There was one time, I listened to dad though, that I regret. I was in Grade 11, and I told Dad that I was thinking of being a lawyer. He doubted my desire and learning ability, and instead or giving me encouragement to try, he discouraged me from trying. As time passed, and I was established in the work force I became involved with Unions, and as I worked my way up, I became a very knowledgable and informed union employee, one who really grasped contract negotiating and helped write and re-write several Union Contracts, one person that management respected, and in a way feared, for my knowledge. Had I studied and become a lawyer like I wanted I could probably name my own price as an arbitrator today.

      Dads are a strange breed, and like moms they are not given any special manual to follow, when it comes to raising kids. It's all trial and error, from one kid to the next.

      Brother Dave.

    • Sweetsusieg profile image

      Sweetsusieg 7 years ago from Michigan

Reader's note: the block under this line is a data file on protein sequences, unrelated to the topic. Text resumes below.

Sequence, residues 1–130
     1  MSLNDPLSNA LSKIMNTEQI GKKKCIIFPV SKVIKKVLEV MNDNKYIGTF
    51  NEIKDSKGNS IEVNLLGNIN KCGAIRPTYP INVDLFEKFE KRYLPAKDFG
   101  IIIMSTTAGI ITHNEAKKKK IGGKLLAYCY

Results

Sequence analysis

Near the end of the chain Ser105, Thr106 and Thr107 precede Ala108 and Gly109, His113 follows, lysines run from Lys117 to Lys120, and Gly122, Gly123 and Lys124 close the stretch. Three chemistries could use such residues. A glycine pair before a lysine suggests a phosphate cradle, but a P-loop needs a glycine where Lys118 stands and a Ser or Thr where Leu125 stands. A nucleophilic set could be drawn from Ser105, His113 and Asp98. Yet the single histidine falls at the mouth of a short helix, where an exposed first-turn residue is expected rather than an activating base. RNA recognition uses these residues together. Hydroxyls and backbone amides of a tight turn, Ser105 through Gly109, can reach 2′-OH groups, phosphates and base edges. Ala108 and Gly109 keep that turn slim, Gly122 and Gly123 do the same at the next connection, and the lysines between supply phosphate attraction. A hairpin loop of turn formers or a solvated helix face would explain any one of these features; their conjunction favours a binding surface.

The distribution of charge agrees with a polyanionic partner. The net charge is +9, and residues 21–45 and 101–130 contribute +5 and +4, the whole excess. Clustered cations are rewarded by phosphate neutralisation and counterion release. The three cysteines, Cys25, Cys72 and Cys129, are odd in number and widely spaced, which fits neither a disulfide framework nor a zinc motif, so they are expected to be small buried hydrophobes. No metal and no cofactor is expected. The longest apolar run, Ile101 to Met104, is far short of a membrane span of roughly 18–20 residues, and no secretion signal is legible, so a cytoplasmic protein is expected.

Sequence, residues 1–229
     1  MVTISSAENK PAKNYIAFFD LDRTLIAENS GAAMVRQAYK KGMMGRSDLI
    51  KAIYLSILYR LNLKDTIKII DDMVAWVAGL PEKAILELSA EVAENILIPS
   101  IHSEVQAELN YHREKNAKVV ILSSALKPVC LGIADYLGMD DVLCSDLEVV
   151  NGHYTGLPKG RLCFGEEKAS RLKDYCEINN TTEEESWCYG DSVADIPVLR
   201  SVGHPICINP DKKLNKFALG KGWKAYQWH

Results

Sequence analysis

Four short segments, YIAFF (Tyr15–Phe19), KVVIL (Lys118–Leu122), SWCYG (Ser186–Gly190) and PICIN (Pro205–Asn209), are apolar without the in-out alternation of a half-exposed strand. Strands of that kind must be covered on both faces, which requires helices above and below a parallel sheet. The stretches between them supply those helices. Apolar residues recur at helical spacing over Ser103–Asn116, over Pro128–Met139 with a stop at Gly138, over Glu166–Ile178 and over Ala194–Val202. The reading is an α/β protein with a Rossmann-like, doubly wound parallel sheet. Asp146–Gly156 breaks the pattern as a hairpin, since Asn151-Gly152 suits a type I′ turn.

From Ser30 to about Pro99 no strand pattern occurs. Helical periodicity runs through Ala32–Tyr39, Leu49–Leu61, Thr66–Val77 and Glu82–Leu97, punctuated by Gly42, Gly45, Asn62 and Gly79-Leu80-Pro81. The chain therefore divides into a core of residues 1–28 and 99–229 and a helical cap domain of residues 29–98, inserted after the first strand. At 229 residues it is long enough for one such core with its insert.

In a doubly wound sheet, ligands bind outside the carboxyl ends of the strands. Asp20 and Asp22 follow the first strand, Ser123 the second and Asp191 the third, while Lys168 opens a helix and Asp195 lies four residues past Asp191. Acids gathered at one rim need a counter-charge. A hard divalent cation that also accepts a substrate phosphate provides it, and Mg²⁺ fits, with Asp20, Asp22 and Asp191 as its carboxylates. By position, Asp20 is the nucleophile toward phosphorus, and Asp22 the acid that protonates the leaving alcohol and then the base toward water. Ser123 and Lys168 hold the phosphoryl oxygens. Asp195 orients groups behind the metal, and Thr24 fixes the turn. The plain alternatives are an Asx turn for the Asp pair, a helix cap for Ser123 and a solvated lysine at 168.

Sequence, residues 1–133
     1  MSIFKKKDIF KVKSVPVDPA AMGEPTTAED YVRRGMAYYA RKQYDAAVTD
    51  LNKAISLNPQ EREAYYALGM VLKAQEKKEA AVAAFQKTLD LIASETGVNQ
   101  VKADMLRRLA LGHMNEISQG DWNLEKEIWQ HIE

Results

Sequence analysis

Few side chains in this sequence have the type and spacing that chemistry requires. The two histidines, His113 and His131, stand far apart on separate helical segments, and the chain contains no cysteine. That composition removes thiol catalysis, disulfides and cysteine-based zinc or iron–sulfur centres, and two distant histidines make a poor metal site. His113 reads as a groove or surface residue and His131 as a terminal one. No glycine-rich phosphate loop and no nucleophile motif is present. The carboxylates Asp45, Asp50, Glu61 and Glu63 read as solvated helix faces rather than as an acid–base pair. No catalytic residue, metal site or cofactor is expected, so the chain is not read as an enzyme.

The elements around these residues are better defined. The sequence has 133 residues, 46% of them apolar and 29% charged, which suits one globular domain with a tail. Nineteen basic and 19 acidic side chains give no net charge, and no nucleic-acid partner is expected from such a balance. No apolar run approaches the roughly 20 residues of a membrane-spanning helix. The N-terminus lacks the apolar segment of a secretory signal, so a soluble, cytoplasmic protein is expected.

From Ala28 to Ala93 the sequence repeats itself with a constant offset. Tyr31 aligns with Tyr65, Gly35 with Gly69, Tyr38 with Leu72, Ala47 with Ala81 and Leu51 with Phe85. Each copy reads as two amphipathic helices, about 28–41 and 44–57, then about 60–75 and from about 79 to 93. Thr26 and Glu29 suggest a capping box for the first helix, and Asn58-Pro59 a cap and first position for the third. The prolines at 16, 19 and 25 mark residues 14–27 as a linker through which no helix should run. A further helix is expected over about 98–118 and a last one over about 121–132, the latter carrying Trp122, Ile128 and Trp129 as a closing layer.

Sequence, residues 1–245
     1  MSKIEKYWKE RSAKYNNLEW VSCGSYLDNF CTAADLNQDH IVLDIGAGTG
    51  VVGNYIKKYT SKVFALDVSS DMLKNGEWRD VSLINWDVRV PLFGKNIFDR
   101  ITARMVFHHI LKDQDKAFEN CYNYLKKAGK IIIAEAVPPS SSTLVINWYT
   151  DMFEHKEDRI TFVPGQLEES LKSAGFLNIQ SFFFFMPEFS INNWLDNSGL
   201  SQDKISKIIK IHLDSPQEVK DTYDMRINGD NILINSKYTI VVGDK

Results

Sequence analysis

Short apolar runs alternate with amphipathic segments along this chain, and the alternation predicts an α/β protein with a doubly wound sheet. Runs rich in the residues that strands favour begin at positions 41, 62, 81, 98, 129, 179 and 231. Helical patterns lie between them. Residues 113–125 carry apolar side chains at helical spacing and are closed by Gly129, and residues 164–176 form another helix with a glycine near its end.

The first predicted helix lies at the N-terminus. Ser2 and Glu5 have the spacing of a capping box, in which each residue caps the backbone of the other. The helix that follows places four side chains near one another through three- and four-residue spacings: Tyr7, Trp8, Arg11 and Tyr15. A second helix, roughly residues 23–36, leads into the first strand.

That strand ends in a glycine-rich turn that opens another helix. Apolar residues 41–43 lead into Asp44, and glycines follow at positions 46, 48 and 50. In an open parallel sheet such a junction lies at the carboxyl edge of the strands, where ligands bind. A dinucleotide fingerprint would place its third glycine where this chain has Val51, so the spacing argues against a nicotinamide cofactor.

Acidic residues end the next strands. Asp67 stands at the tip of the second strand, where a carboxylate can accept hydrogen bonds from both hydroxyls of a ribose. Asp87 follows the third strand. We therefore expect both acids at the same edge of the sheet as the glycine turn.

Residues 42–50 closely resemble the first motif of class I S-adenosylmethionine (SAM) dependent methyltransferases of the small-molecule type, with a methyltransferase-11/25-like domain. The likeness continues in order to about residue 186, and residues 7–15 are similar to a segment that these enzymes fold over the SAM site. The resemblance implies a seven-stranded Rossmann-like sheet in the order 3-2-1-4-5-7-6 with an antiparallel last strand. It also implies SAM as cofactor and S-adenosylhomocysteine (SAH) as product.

Thank you Jill. YAY, we have 1st place Dads!! With so many people struggling today to be parents, I felt that I should share, for me, what made/makes a GREAT Dad. He is still there for me and I know he will have many more years with us!

      Thanks for reading and commenting!

    • JillKostow profile image

      Jill Kostowskie 7 years ago from Pennsylvania

      The poem brought tears to my eyes, my daughter gave me the same poem attached to a picture about 2 years ago and it still made me cry reading it today!! This was a beautiful hub about your dad..I feel the same as you regarding my dad so I guess they are tied in first place!! lol Very touching, voted up and beautiful!!

    • Sweetsusieg profile image

      Sweetsusieg 7 years ago from Michigan

      Yes, he is a special guy, I feel very fortunate to have him for my Dad. He is extremely busy these days, he is the head of an organization which takes him all over the state in his travels. I usually get to see him about once a week though.

      His wife Irene has been keeping track of all of my writings, she has been printing off 'hard copies' and sharing them with him. When I found that out I was really pleased.

    • drbj profile image

      drbj and sherry 7 years ago from south Florida

      susie - I hope your Dad is still around so you can share this beautiful hub with him. It's an amazing tribute to him and he is one very, very special father.